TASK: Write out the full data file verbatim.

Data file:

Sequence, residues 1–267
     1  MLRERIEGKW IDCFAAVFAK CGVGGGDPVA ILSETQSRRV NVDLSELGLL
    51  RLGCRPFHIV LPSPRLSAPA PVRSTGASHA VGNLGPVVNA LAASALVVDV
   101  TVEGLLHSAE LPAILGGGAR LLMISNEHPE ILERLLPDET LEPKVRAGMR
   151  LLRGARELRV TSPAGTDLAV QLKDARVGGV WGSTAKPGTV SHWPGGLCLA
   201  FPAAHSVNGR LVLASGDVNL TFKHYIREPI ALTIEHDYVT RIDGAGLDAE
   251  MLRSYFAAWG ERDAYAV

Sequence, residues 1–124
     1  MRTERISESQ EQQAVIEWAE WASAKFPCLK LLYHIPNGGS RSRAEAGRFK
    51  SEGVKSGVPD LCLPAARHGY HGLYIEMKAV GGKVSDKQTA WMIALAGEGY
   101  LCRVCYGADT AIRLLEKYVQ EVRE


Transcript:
Sequence, residues 1–267
     1  MLRERIEGKW IDCFAAVFAK CGVGGGDPVA ILSETQSRRV NVDLSELGLL
    51  RLGCRPFHIV LPSPRLSAPA PVRSTGASHA VGNLGPVVNA LAASALVVDV
   101  TVEGLLHSAE LPAILGGGAR LLMISNEHPE ILERLLPDET LEPKVRAGMR
   151  LLRGARELRV TSPAGTDLAV QLKDARVGGV WGSTAKPGTV SHWPGGLCLA
   201  FPAAHSVNGR LVLASGDVNL TFKHYIREPI ALTIEHDYVT RIDGAGLDAE
   251  MLRSYFAAWG ERDAYAV

Sequence, residues 1–124
     1  MRTERISESQ EQQAVIEWAE WASAKFPCLK LLYHIPNGGS RSRAEAGRFK
    51  SEGVKSGVPD LCLPAARHGY HGLYIEMKAV GGKVSDKQTA WMIALAGEGY
   101  LCRVCYGADT AIRLLEKYVQ EVRE